Pennington Borough Talks Road Repairs, Senior Center Renovations

Pennington Borough Talks Road Repairs, Senior Center Renovations

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The Pennington Borough Council discussed recent and future road repairs and renovations on the senior center in their first meeting of October.

The Council talked about this summer’s sudden closure of South Main Street for repairs, which affected businesses and residents in the area, many of whom were only notified by the Borough Council’s June newsletter detailing road closings.

“It was all a last minute panic,” said council member Catherine “Kit” Chandler. “I don’t think the County gave us information to pass on to business owners and residents.”

Chandler suggested better methods of communication for future road closures and other activities that would affect the area, such as the use of the Swift911 system, which alerts residents who register to receive emergency notifications on their phone, or possibly soliciting residents’ email addresses.

“I think the County needs to do a better job so we can tell our businesses,” Chandler said.

“We have to try everything we can to communicate,” said Mayor Anthony Persichilli. “Lessons learned.”

Future road repairs were outlined accordingly, with Weidel Drive and East Curlis Avenue in 2019, further work on Kings Court in 2020 and on Burd Street in 2021.

The Council unanimously approved an ordinance for the appropriation of over $392,000 for repairs to the local senior center.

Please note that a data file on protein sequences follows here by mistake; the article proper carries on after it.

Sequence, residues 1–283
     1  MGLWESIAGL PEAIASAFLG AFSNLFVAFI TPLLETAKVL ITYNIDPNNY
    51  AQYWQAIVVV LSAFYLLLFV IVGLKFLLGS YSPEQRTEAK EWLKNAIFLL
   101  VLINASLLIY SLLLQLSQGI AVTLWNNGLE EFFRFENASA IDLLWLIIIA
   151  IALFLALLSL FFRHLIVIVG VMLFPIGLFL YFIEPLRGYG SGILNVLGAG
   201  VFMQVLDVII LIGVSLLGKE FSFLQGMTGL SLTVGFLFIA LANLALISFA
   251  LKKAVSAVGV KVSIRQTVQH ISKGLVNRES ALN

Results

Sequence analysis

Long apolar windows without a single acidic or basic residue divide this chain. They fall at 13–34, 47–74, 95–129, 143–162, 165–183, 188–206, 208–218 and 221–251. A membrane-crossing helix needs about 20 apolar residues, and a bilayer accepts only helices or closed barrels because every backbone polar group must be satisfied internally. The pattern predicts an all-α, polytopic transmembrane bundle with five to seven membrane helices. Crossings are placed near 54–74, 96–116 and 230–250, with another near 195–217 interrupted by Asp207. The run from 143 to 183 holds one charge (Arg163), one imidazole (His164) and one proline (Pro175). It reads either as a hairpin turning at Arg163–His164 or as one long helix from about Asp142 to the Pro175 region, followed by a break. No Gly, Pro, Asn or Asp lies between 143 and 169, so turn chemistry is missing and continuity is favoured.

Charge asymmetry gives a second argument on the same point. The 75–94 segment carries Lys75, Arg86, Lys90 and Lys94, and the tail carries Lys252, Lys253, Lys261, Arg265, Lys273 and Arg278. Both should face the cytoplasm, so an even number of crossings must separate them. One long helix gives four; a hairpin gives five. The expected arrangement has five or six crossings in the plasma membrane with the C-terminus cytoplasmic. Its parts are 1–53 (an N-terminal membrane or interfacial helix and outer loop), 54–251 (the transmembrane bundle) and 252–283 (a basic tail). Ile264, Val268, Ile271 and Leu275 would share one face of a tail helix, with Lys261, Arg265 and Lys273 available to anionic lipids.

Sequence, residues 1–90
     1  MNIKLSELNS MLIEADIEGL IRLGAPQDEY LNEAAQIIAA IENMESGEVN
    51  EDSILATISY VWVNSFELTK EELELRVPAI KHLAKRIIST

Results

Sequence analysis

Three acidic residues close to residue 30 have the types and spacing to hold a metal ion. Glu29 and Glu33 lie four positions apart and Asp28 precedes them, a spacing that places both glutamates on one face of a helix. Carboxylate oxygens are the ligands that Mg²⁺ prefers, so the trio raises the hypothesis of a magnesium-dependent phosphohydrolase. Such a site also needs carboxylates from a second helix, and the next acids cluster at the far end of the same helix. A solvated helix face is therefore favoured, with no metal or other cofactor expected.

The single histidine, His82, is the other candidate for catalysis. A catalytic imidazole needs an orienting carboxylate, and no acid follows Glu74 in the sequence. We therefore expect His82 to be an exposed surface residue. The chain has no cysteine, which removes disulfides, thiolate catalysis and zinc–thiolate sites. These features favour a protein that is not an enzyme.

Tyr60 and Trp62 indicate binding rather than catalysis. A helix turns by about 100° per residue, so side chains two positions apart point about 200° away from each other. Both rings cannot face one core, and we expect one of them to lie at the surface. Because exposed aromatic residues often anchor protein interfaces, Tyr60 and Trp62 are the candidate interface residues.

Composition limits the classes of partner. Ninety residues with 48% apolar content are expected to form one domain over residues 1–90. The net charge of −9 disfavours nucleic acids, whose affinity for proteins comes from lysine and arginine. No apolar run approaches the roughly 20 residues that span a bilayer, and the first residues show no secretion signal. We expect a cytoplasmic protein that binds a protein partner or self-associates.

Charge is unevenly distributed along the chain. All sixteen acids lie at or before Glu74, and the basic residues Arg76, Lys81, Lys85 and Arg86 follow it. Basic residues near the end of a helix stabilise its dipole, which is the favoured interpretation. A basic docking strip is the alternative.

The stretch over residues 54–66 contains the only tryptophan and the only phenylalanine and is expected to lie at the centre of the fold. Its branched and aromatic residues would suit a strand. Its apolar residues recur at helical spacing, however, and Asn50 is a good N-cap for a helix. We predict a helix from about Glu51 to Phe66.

“This number is a recognized high end number,” said Council President Joseph Lawver. “We’re not spending 392, that’s just the max.”

Lawver outlined numerous donations and grants that will reduce the cost of the project, such as a donation from Wyckoff Roofing for roofing repairs and Mercer County footing the bill on paving.

“We’re getting a lot of reimbursement and grants,” said Council Member Glen Griffiths.

The Council furthermore approved an ordinance to replace the water main on East Curlis and Weidel Avenue by appropriating $300,000. However, Lawver stated that the amount needed would be around $210,000.

“There’s no money out of the Borough’s pocket,” Lawver said.

The project will be funded by the New Jersey Environmental Infrastructure Trust, or NJEIT, which will keep the Borough in accordance with the recent Water Quality Accountability Act.

The Borough’s next meeting is scheduled for November 5.

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